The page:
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Grant with the iPad  (Source: BBC News)
Apple wants a court order

Losing someone can be a very difficult time, and we cling to their possessions as a way of holding onto them. But what happens when that possession is an iPad on lockdown?

According to BBC News, 26-year-old Josh Grant from London and his four brothers are experiencing this very issue. Their mother recently passed away from cancer, and left her iPad to the men in her will.

It was decided that the oldest brother, Patrick, should be the one to take the iPad. However, none of them obtained her Apple ID or password before she passed on. 

They attempted to show Apple their mother's will, death certificate and solicitor's letter as a way of proving they can have access to the iPad, but Apple said this wasn't enough evidence.

Apple initially asked for written consent from the owner that her five sons can have her login credentials, but that obviously is no longer an option. Now, Apple wants a court order to prove that their mother was the owner of the iPad and the iTunes account.

"I thought we might use it as a shiny placemat," said Grant. "I'm a big fan of Apple, their security measures are great but we have provided so much evidence.

"At 59, my mum was fairly young, I've already lost my dad and it's a bit cold of them not to treat things on a case-by-case basis."

Apple offers security measures like Activation Lock, which makes it hard for thieves to sell a lost or stolen iPhone or iPad. It's apart of Apple's "Find My iPhone" feature, which allows you to find your iPhone, iPad or iPod touch using another device.  

Source: BBC News

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RE: Jesus H Christ Apple....
By invidious on 3/6/2014 1:39:08 PM , Rating: 2
It's surprising that Apple's EULA doesn't have a next of kin provision granting authorized access to the account.

On a related note, every parent should be estate planning. It doesn't matter how unpleasant the thought of it is, the reality of what happens if you don't is far more unpleasant.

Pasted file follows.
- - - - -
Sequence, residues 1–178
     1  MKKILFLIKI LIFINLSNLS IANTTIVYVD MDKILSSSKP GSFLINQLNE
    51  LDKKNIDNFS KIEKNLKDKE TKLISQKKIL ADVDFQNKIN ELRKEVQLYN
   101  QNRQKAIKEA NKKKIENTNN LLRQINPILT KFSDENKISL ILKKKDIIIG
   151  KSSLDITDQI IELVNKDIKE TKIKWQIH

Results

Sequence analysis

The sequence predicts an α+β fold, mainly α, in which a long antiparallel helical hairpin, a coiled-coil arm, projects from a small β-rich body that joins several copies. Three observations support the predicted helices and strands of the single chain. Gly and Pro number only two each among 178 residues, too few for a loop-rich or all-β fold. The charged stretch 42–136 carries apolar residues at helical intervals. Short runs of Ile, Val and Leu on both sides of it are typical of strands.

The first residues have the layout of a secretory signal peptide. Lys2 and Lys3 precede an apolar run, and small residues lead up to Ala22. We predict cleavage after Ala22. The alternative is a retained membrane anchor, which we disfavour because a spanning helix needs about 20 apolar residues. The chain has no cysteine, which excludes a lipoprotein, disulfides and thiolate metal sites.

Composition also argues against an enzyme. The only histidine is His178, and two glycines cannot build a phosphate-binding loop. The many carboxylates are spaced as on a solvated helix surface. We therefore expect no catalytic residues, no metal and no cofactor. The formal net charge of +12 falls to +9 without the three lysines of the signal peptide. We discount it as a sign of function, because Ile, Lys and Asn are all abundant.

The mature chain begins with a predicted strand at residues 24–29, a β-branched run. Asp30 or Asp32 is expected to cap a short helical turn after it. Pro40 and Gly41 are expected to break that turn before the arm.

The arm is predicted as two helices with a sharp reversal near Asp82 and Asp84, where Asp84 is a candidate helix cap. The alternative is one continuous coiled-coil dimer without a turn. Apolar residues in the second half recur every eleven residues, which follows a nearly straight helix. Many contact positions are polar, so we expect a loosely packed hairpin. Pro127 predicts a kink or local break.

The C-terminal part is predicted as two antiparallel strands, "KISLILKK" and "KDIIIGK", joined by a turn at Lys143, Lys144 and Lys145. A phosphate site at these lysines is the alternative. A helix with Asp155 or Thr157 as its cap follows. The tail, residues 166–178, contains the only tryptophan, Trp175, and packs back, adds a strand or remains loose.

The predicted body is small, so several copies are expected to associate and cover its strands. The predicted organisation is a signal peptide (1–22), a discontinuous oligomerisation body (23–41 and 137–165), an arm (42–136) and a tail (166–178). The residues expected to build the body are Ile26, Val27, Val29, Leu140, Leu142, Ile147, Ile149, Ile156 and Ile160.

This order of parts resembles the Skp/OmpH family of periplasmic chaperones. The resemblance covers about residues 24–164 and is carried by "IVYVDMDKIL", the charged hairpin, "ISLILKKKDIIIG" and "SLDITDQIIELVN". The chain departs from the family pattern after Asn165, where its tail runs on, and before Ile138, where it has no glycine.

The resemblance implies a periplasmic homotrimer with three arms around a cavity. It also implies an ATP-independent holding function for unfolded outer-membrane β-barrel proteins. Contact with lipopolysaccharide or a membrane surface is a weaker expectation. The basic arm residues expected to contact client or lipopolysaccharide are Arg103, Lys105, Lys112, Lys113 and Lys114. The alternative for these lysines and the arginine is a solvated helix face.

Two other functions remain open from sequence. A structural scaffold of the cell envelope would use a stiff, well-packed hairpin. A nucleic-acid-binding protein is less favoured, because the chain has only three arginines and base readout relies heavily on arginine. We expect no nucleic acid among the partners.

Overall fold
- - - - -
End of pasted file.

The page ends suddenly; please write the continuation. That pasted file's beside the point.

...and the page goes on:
RE: Jesus H Christ Apple....
By CaedenV on 3/6/2014 1:55:06 PM , Rating: 3
Funny thing is that it sounds like there was some estate planning done here. Dear old Mum had a will that even listed the iPad's transfer of ownership. The thing is that most estate planning is designed around the transfer of physical goods and properties, not data and accounts. How many lawyers writing wills even think to pass on important account information as a part of a will or trust? How many people even realize that they cannot legally transfer most data and accounts?

RE: Jesus H Christ Apple....
By Argon18 on 3/6/14, Rating: 0
RE: Jesus H Christ Apple....
By BSquared on 3/7/2014 12:26:52 AM , Rating: 3
All of the listed companies in your post have mechanisms for accounts of the deceased.

Facebook's privacy policy prohibits the disclosure of login credentials but instead will cancel or memorialize the account of the deceased upon notification from next of kin. Google will provide access to the Google account (G+, GMail, etc) upon furnishing a death certificate as well as official documentation proving representation of estate. Microsoft, through Live accounts, has a very similar process as Google. Sony only allows cancellation of a deceased's account at the moment.

I'm pretty sure there are tons of companies, whose products we use everyday, that have contingencies for when a user passes and next of kin needs access, wishes to cancel or transfer ownership. Just seems the problem, which Apple has readdressed, was that they didn't want to divulge the login credentials, but were happy to change user access.

"Nowadays, security guys break the Mac every single day. Every single day, they come out with a total exploit, your machine can be taken over totally. I dare anybody to do that once a month on the Windows machine." -- Bill Gates

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